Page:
Czech crown seen resistant to political uncertainty

Photo: Štěpánka Budková

Czechs are still waiting to see what government will result from elections to the lower house of parliament won by billionaire businessman Andrej Babiš. But some conclusions for business and the economy can already be drawn if Babiš converts his win into a stable government.

Photo: Štěpánka Budková
Some dramatic changes pledged by parties during the campaign, such as the Social Democrats’ pledge to bring in taxes on the high profits of the mostly foreign owned big banks in the Czech Republic already look like history. The party’s disastrous election results mean it is very unlikely to have the muscle to push that through even as part of a coalition government.

And the promises of some opposition parties, such as the centre-right Civic Democrats to scrap the flagship tax evasion of Andrej Babiš as former finance minister, electronic cash registers look doomed as well if the ANO leader is in government. The roll out of the controversial registers across the economy is still taking place with two more stages due at the start of March and June in 2018.

Michal Skořepa is an economist with the bank Česká Spořitelna. He says Babiš as prime minister is unlikely to make too many innovations on the domestic economic scene:

"He might push on further in the improvement of the collection of taxes. There might be some slight changes in the electronic evidence of sales as he already indicated. Overall I don’t think there will be a very strong change in economic policy. Maybe there might be some simplification of the tax system. That’s actually what most parties have promised. There could also be some strengthening of progressive taxation."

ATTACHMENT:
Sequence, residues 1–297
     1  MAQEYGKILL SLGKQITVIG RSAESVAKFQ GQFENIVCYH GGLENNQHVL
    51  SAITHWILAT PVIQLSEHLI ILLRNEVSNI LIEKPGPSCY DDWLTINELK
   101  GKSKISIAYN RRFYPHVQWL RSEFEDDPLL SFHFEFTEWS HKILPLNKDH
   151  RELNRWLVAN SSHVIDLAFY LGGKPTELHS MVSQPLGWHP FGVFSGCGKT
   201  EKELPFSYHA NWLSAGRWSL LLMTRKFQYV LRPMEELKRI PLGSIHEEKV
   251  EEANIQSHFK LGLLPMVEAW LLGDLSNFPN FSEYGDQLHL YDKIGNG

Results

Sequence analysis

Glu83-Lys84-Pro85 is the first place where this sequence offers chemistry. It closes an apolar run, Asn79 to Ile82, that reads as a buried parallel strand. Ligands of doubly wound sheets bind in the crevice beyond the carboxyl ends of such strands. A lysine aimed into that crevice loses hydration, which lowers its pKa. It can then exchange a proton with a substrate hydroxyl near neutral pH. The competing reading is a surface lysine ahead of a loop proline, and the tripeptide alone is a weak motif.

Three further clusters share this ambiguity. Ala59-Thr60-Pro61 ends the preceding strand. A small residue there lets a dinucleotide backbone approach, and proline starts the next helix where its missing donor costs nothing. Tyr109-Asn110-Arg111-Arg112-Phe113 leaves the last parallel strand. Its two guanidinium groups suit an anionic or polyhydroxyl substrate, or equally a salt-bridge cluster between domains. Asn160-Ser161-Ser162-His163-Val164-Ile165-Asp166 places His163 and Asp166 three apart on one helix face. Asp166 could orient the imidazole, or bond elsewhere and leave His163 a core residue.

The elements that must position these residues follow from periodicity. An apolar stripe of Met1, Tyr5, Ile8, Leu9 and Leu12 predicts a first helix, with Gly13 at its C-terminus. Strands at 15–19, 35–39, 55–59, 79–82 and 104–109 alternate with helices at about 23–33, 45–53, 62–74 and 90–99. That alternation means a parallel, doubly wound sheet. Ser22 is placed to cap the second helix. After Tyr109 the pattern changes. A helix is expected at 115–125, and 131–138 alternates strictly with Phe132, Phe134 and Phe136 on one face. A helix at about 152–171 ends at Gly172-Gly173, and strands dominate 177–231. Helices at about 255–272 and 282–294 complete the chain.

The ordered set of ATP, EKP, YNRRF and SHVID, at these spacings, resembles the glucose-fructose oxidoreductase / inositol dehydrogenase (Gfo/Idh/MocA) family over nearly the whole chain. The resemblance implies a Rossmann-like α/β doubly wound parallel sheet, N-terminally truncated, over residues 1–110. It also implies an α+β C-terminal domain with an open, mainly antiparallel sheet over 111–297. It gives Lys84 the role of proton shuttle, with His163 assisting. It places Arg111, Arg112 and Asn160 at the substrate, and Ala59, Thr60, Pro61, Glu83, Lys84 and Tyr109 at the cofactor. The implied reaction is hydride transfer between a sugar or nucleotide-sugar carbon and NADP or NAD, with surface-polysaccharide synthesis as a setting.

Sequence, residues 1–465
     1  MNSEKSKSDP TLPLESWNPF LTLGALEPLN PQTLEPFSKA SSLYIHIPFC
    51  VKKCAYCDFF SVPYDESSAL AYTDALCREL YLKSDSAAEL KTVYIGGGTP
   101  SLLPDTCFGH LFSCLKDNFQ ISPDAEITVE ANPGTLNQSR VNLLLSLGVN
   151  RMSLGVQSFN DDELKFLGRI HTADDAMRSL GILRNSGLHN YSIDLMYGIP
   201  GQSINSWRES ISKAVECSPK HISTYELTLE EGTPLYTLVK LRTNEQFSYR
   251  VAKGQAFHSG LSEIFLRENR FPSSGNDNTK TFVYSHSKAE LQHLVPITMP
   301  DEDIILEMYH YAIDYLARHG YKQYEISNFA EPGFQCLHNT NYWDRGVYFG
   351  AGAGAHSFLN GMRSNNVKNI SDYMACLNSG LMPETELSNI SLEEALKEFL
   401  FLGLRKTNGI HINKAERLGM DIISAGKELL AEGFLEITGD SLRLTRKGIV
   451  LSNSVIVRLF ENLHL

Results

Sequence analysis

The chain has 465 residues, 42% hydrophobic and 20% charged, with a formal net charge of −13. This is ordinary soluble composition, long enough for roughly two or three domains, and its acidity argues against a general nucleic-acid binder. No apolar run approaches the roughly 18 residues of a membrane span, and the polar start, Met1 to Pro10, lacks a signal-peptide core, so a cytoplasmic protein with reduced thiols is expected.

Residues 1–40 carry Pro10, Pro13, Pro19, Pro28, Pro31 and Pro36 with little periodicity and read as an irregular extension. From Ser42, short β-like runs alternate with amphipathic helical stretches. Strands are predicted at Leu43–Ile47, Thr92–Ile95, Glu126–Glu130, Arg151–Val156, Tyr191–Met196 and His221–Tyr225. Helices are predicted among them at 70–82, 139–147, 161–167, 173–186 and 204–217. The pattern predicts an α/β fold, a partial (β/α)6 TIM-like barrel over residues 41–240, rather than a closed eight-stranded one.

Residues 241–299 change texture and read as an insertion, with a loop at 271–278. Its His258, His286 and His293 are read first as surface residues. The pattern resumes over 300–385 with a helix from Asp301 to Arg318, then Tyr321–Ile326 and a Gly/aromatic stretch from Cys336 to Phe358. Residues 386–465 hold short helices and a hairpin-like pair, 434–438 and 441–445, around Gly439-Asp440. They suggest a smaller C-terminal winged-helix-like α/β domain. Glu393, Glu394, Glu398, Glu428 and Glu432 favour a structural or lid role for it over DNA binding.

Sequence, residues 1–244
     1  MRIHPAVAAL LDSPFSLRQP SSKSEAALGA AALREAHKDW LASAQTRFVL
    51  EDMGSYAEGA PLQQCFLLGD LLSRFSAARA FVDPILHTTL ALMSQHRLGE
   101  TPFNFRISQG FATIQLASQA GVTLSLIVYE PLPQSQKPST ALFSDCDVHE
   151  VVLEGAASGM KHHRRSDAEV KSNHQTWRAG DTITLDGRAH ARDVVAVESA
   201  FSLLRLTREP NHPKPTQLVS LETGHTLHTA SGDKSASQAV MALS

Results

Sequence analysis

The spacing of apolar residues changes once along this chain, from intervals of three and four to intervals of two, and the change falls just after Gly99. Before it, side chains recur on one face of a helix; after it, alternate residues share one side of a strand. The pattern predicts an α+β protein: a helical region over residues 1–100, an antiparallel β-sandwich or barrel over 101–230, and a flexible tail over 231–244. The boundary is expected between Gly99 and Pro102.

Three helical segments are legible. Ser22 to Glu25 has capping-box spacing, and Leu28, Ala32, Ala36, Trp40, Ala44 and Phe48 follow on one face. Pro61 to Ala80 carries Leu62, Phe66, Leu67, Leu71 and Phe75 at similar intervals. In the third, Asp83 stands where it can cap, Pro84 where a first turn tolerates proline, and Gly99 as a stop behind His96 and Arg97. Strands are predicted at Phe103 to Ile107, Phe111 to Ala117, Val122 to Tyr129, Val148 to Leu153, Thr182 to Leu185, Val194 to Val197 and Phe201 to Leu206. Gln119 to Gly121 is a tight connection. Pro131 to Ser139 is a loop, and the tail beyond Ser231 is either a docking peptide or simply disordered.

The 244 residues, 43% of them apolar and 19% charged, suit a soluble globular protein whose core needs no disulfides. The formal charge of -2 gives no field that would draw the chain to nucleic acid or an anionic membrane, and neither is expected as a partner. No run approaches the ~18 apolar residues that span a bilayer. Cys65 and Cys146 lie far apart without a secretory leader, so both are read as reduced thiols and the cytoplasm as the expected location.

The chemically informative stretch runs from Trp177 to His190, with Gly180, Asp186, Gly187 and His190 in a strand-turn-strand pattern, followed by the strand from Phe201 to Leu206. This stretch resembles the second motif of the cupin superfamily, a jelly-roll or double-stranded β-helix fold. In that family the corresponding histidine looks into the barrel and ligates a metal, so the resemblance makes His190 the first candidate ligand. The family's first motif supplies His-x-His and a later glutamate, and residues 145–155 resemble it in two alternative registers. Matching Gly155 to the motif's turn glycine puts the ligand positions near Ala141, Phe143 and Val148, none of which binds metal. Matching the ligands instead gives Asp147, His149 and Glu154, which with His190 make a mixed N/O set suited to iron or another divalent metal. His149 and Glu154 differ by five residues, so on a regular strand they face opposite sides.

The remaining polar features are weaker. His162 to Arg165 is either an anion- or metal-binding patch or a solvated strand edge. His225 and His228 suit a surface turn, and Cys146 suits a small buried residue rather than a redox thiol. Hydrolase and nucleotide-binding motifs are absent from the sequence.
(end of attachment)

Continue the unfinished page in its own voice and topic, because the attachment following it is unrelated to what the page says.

With many of the successful parties, including ANO, having a hostile or sceptical view on the single European currency, the euro, early or mid-term Czech membership of the euro zone looks out of the question as well although the country meets all the entry criteria for starting the process.

Temelín nuclear power plant, photo: Filip Jandourek
If Andrej Babiš has a relatively free hand in government, he could move dramatically with regard to near 70 percent state-owned power giant, ČEZ, one of the country’s biggest companies and earners. Babiš has been a long-time critic of the current management.

The ANO leader and a new government will have to wrestle with the question of how to pay for the new nuclear reactors that most parties want to see constructed before existing Czech capacity starts to shut down probably around 2035.

Michal Skořepa sees little likelihood the rate of the crown will be much influenced by the moves to create a new government:

"I don’t think that the negotiations even if they take several weeks or months that they will present a big threat for the crown exchange rate. We have seen in recent months, or even years, that the exchange rate was very stable and little influenced by what’s going on. We can recall the crisis in the government in May this year and the exchange rate did almost nothing to react. So I don’t think the crown will be strongly influenced."